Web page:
To support victims of terrorism and genocide in seeking redress, hold accountable and publicize the governments, corporations, and other entities that finance, support, and perpetrate acts of terrorism and genocide around the world, Global Justice Group has been actively involved in:
- Identifying victims of terrorism and genocide
- Helping them obtain legal representation
- Defraying the out-of-pocket costs of lawsuits filed on their behalf
The following is a representative sample of the pending and prospective litigation in which Global Justice Group has supported victims in their quest for justice:
Chemical Weapons Case:
On June 2013, 20 representatives of the thousands of victims of the 1988 chemical attacks perpetrated by Saddam Hussein on Iraqi Kurds filed a demand for criminal investigation in Paris, France. They are seeking investigation on the French companies who supplied Saddam with chemicals and equipment enabling the production of the chemical weapons used against the Kurds in Halabja on the 16th of March 1988, as part of a genocidal attack against Kurdish civilians. This attack killed or maimed tens of thousands of men, women and children. Many of the victims are still suffering today from the injuries caused by the chemical weapons.
Global Justice Group has set up offices in Erbil and Halabja, in Iraqi Kurdistan, which have identified over five thousands victims.
Arab Bank Case:
This case represents the first major civil counter-terrorism lawsuit in the US District Court for the Southern District of New York on behalf of U.S. citizens and non-U.S. citizens, victims of terrorist attacks. After ten years of intensive legal work, the Arab Bank was held liable for 24 attacks carried out by Hamas between 2001 and 2004. During those years the Arab Bank transferred over $200 million from the Saudi Committee to the families of suicide bombers and other terrorists, bolstering the Al Aqsa/Al Quds Intifada. In so doing, the Arab Bank aided and abetted the perpetration of a systematic campaign of genocide, crimes against humanity, terrorism and financing of terrorism, which resulted in the murder and maiming of thousands of victims. In August 2015, the plaintiffs and Arab Bank entered into a settlement agreement, favorable to the plaintiffs.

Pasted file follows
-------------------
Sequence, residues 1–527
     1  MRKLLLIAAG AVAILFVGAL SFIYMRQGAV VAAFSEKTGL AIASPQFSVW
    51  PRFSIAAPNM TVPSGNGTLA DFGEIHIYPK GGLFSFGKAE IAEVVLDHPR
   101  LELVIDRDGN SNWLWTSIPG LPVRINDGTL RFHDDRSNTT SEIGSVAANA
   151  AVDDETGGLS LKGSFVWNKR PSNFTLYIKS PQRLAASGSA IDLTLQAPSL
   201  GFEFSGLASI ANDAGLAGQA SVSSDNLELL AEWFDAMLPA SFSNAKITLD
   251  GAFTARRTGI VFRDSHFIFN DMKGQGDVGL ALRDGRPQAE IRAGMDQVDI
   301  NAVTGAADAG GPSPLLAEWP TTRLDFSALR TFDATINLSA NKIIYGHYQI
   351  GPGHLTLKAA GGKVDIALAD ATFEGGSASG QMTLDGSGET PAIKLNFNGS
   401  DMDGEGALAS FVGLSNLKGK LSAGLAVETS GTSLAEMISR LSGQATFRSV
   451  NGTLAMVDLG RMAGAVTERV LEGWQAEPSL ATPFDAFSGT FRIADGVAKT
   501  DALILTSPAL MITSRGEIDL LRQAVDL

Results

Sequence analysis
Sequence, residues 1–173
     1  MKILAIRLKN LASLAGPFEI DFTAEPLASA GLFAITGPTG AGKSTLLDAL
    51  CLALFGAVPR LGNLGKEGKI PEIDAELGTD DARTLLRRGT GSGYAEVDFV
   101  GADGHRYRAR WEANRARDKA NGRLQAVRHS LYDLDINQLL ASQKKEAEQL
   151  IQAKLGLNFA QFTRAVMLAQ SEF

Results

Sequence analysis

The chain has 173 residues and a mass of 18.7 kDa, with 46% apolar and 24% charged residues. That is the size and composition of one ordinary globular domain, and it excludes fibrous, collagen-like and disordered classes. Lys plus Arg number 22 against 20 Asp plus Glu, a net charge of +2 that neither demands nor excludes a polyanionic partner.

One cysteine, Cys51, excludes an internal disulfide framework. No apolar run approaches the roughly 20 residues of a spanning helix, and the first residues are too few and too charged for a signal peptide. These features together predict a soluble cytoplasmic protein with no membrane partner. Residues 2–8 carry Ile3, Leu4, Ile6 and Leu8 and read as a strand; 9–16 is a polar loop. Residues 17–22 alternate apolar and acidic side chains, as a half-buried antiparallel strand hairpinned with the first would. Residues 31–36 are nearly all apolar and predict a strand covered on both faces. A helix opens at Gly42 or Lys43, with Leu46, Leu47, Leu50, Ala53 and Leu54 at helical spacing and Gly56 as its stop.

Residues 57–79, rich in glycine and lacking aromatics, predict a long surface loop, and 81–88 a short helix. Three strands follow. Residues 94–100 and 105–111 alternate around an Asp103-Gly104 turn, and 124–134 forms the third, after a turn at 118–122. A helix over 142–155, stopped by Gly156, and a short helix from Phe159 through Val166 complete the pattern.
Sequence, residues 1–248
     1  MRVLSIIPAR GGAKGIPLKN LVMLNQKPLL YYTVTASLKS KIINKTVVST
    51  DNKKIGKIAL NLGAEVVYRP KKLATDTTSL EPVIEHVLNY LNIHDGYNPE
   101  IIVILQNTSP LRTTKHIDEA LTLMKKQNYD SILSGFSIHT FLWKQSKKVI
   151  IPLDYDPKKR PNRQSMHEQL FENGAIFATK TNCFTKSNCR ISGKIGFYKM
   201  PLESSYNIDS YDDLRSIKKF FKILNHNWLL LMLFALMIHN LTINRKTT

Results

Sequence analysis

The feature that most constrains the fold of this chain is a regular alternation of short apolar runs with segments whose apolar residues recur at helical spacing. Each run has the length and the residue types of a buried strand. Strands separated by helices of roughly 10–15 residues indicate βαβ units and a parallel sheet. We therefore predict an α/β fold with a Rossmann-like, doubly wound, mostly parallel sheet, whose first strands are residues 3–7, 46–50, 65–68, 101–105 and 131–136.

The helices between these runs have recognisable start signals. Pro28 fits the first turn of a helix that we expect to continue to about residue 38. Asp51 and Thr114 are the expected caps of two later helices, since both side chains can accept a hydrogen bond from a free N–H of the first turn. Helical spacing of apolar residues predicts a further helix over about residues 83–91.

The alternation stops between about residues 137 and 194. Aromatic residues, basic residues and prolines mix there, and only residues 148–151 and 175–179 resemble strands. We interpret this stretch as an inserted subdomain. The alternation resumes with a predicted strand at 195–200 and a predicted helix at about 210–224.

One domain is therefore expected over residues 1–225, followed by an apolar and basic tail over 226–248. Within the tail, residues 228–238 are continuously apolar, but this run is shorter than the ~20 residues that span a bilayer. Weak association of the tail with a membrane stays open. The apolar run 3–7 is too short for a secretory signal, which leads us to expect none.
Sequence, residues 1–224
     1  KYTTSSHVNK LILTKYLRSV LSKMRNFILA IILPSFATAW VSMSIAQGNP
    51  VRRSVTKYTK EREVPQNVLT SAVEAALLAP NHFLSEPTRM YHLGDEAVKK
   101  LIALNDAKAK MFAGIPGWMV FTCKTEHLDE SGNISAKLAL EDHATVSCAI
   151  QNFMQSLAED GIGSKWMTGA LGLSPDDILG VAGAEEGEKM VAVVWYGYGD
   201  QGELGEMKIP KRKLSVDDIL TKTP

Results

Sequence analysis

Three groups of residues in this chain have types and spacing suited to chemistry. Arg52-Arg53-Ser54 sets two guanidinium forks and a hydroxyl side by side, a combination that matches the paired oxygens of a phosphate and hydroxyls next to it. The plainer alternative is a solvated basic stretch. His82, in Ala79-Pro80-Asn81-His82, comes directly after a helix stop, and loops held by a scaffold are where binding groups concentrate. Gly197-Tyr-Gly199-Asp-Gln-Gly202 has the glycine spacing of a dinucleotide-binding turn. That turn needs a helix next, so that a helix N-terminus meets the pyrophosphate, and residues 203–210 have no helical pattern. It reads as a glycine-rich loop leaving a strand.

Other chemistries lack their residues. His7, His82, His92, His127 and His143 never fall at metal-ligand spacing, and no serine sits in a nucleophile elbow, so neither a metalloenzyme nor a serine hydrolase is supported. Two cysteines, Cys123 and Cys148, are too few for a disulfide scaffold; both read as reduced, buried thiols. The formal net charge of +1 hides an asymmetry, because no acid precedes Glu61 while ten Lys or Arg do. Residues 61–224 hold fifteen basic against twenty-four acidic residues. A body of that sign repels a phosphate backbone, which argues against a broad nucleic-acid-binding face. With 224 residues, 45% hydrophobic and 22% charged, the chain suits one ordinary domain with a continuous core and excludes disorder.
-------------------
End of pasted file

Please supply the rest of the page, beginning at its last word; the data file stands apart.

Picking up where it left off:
U.S. Embassies Case:
In August 2008, 600 victims of the 1998 Al Qaeda attacks on the US Embassies in Nairobi (Kenya) and Dar Es Salaam (Tanzania) filed a lawsuit in the US District Court for the District of Columbia against the Republic of Sudan and the Islamic Republic of Iran for their complicity in the execution of the bombings. Iran and Sudan provided financing, training, weapons, material and safe haven, to Al Qaeda. This support was critical to the execution of the embassy bombings, which killed 224 people and wounded over 4,500. In 2014, the judgment entered in favor of the plaintiffs, awarding them compensatory and punitive damages.
Global Justice Group supported the creation of the U.S. Victims of State Sponsored Terrorism Fund to provide with compensation the victims of international state sponsored terrorism.
El Paso Case:
In January 2009, 197 victims of terrorist attacks in Israel filed a complaint in the US District Court in Texas against several American and foreign oil companies (including the El Paso Energy Corporation and Bayoil) for knowingly aiding and abetting the Saddam regime in carrying out the attacks. The companies transferred to Saddam Hussein over $60 million, which were then distributed to the families of suicide bombers and other terrorists who perpetrated dozens of attacks in Israel. In November 2015, the plaintiffs and two of the defendant oil companies entered into a settlement agreement favorable to the plaintiffs.
Chevron Corporation Case:
On October 2015, the victims of 22 suicide bombings perpetrated in Israel between 2000 and 2002 filed a lawsuit in the US District Court for the Northern District of California against Chevron Corporation alleging its complicity in the attacks.
Between July 2000 and December 2002, Chevron illegally purchased over 78 million barrels of Iraqi oil and paid approximately $20 million in illegal kickbacks which went into a “slush” fund controlled by Saddam Hussein, who used the illegal payments made by Chevron to fund terrorist activities. Money tracing confirms that the money was sent to the families of 22 suicide bombers.